HP OpenVMS Systems Documentation
OpenVMS Debugger Manual
12.1.5 Setting a Source Directory
If you are invoking the Heap Analyzer from a directory other than the one that stores your application source code, you can set a source directory for the Heap Analyzer as soon as the startup screen appears.
To set a source directory:
The Heap Analyzer can now access your application.
If you invoked the Heap Analyzer from within a debugging session, start your application by performing the following steps:
If you invoked the Heap Analyzer outside a debugging session, start your application by performing only step 1 above.
After your application is running, the Memory Map (and other parts of the Heap Analyzer display) are continuously updated to reflect the state of your application.
Unless you intervene (see Section 12.1.7), this updating continues until
an occurrence causes memory events to stop. For example, your
application might prompt for input, the debugger might prompt for
input, or your application might finish execution.
To examine events in the Memory Map as your application is executing, you can use the Heap Analyzer's push buttons to slow, pause, and otherwise affect the speed of the display. Figure 12-4 shows these push buttons on the Heap Analyzer window just after the Start button was pushed.
The Slow and Pause push buttons allow you to slow or pause the display.
The Step push button allows you to single-step through memory events.
The Sync histogram (not shown) to the right of the Sync button indicates how far behind your application the Heap Analyzer is running. For performance reasons, the Heap Analyzer displays memory events a few seconds after their occurrence in your application.
On OpenVMS Alpha systems, anything that uses system service
interception, like the debugger or the Heap Analyzer, is unable to
intercept system service call images activated by shared linkage. The
image activator, therefore, avoids shared linkage for images linked or
run with /DEBUG, and instead activates private image copies. This
affects performance of applications under Heap Analyzer control, as
images activated by shared linkage run faster.
The following sections describe how to use the Heap Analyzer when memory problems are clearly visible in the default Memory Map display.
Visible problems include allocations that are larger than you expect, that repeat numerous times, that increment at each allocation, and that could occur in a more efficient way.
In such cases, your Heap Analyzer session consists of the following steps:
12.2.1 Memory Map Display
Depending on the size of your application, you may wish to examine the Memory Map display as your application is running (by using the push buttons to slow, pause, or step through events) or after your application completes running (by using the Memory Map's vertical scroll bar to scroll back through the display).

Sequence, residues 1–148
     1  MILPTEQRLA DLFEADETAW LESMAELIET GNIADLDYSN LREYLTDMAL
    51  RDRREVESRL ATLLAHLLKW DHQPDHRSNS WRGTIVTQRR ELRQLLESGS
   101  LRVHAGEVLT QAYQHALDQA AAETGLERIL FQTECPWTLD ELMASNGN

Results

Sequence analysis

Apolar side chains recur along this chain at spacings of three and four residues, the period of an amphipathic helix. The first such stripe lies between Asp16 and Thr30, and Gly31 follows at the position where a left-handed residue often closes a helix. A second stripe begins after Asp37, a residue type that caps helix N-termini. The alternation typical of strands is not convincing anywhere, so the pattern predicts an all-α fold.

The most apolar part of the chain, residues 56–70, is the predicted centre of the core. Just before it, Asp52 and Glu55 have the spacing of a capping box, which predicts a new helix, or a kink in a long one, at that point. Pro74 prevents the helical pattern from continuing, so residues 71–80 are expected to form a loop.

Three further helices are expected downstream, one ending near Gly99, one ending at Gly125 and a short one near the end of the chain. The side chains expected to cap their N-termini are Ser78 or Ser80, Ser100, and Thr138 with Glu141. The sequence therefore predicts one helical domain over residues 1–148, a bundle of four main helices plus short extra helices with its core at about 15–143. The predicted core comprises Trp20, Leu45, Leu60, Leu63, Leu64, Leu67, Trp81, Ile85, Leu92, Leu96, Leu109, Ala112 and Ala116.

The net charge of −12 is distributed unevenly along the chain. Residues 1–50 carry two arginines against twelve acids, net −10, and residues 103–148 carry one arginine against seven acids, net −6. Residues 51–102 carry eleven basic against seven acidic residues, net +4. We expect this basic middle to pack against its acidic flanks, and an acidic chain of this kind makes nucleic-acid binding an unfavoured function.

You can identify segments whose size or location are not what you
expect by remembering that a segment's location in the Memory Map
corresponds to its location in dynamic memory. Lower addresses in
dynamic memory are represented in the upper left of the Memory Map
display. Addresses increase to the right and wrap at each line of the
As you examine the Memory Map, you may wish to select display options that allow you to see more clearly those parts of the display you are most interested in.
The Display Menu allows you to control whether you see segment type names within the Memory Map display, whether the display automatically scrolls to show the most recent activity, and whether you can compress the display.
The Zoom Menu allows you to control the degree of magnification with which you see segments in the Memory Map. Choosing the Far menu item, for example, shows an overview of memory. Choosing Extremely Close shows a more detailed view of memory.
Figure 12-5 shows the display options that appear in the Display pull-down menu. The figure then lists all the display options available in the Memory Map.
A segment definition has the following form:
For example, the following segment definition describes the 15th segment in your Memory Map display, which is a segment of type LIBRTL:
A contents definition consists of a partial segment definition (a segment definition without a cursor-address) and an ASCII representation of the contents of segment addresses. For example:
An address definition takes the form of a statement describing user access to a stated address. For example:
A type definition takes the form of a statement summarizing the total number of segments and total number of bytes devoted to a segment type. For example:
Figure 12-6 shows the Memory Map context-sensitive pop-up menu. The figure then lists all the mouse and pop-up menu item choices available in the Memory Map.
Traceback information consists of a partial segment definition (a segment definition without a cursor address) and the list of elements on the call stack at the moment your segment was created. The element naming convention is image name\module name\routine name \line number. For example:
12.2.5 Correlating Traceback Information with Source Code